Orcas are black on top with a white stomach. They weigh between three and 11 tons and are 17-32 feet long. They can live up to 95 years! Orcas are actually part of the dolphin family. Pods are family groups, and there are three pods in the area. A superpod is when all three of the pods are together.

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Other whale-watchers

It took about 2 ½ hours to get up to the spot where the whales were reported. As they got closer to the location, they were also getting closer to Canada, so the captain advised them to turn off their cell phones so they wouldn’t get charged international fees. First they spotted two moms with two babies. Then the fog lifted and they started seeing more and more Orcas. Several other boats were also in the area watching the whales breaching (jumping out of the water), frolicking, and playing in the water. Everyone was so excited, clapping and “oohing” and “ahhing”. Boaters have to stay 1000 feet away from the whales, however, it’s hard to control if they come towards you. The captain had to shut the boat down to try to stay the distance. They spent about 20 minutes watching them before they had to head back for the long ride home.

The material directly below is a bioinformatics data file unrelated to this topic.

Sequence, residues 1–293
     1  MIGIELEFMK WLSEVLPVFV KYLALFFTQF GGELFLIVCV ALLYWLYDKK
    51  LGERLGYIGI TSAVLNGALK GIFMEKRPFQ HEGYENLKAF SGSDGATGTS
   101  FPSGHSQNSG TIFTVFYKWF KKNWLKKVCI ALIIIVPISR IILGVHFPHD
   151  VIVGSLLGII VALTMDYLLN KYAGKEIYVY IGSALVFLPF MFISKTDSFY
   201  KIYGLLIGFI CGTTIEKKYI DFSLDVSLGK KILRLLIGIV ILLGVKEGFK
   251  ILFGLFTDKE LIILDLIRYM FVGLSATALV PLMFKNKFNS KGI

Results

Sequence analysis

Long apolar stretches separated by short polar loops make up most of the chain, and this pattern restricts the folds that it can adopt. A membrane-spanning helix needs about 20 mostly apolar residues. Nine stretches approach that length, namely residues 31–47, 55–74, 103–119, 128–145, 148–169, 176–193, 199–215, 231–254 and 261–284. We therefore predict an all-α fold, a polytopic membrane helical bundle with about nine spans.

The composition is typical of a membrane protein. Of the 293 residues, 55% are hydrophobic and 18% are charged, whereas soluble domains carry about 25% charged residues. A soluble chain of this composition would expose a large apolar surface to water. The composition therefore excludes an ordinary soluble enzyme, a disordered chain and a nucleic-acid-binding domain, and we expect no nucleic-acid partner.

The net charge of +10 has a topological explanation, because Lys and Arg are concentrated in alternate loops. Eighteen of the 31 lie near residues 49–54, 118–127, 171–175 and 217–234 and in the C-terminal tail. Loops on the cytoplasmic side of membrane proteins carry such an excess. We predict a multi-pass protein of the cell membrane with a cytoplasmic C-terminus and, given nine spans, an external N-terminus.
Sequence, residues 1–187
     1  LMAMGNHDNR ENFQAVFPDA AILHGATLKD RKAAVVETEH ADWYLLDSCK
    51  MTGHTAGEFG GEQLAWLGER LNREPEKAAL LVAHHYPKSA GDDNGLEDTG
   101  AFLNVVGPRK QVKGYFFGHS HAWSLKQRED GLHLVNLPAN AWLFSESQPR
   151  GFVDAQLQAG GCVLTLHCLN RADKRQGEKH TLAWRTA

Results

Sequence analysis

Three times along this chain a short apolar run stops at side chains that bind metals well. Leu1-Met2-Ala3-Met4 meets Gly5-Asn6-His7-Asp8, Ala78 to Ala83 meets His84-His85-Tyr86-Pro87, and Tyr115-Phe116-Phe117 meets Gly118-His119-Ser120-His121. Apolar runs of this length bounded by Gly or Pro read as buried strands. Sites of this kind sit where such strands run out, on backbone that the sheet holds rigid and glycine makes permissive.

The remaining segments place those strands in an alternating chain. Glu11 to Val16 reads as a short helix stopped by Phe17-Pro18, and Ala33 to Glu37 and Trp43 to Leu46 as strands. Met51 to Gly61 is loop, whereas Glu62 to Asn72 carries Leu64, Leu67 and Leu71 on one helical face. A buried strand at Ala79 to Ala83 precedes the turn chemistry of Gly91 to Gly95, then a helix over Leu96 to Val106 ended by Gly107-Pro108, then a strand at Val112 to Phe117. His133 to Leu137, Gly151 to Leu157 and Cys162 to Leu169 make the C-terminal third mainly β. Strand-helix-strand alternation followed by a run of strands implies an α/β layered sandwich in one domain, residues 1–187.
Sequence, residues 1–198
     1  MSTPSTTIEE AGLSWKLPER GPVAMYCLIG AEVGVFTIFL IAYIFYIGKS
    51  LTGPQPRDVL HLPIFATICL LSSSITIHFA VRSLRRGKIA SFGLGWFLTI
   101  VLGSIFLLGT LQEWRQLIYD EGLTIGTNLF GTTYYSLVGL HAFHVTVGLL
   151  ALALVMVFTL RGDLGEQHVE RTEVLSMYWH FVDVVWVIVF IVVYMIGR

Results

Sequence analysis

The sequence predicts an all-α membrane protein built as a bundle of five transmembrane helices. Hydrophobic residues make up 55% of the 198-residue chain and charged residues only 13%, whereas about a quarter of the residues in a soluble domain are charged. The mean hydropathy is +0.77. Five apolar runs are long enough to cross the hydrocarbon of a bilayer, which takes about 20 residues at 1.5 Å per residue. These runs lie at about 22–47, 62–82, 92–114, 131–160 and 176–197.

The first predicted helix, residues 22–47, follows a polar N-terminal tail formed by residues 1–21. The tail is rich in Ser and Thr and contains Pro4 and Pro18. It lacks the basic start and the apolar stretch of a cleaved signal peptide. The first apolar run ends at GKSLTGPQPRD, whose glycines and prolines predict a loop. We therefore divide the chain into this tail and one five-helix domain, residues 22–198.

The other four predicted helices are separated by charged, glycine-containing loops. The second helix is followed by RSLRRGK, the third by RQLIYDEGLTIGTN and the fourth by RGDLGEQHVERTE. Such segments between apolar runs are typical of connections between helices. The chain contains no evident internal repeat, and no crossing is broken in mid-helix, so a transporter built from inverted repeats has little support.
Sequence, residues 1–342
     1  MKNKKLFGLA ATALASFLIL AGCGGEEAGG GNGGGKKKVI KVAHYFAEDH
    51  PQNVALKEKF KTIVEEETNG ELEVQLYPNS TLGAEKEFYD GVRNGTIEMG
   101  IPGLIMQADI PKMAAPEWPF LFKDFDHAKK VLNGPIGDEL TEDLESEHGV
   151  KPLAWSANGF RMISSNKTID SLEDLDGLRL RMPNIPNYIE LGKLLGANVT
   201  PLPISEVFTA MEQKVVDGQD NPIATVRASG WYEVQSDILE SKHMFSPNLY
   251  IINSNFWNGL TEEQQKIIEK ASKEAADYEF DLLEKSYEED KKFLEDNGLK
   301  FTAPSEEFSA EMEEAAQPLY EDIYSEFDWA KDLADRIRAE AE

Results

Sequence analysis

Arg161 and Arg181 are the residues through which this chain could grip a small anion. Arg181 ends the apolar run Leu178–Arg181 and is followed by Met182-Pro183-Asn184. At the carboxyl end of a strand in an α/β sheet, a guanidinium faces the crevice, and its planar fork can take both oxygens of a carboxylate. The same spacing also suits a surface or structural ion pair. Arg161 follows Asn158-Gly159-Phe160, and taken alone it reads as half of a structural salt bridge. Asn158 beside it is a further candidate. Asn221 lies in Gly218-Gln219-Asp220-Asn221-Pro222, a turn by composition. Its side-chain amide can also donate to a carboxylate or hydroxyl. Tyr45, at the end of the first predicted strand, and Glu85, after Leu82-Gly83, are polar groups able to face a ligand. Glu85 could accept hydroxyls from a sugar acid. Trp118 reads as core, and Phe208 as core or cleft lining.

Fortunately, there is also a lot of other wildlife viewing in the Puget Sound, so the ride wasn’t boring. They were thrilled to see harbor seals and stellar sea lions swimming around and peeking up out of the water. Cormorants and loons were drying themselves on rocks. Humpies (pink salmon) were also busy jumping around them.

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Cormorants drying their wings

Whales can usually be seen from April through December, with the peak time being May through September. You don’t always have to be out on a boat to see whales, they can be seen from shore, but you do increase your chances of seeing them from a boat.

Overall, they all reported it was a great experience! Accommodations on the boat were top notch. The staff was very friendly and knowledgeable. David, Josh, and Sue recommend that everyone take the opportunity to go whale watching at least once, and Josh would love to do it over and over. Island Adventure Cruises has a guarantee that if you don’t see whales, you’ll get free tickets to another cruise and they honor their policy. They can be reached at OrcaWhales.com or 1-800-465-4604.

Categories: Boating/Kayaking, Keatons Out and About, Outdoors, Washington | Tags: , , , , | Leave a comment

Lighting History – Admiralty Head Lighthouse, Whidbey Island, WA

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Admiralty Head Lighthouse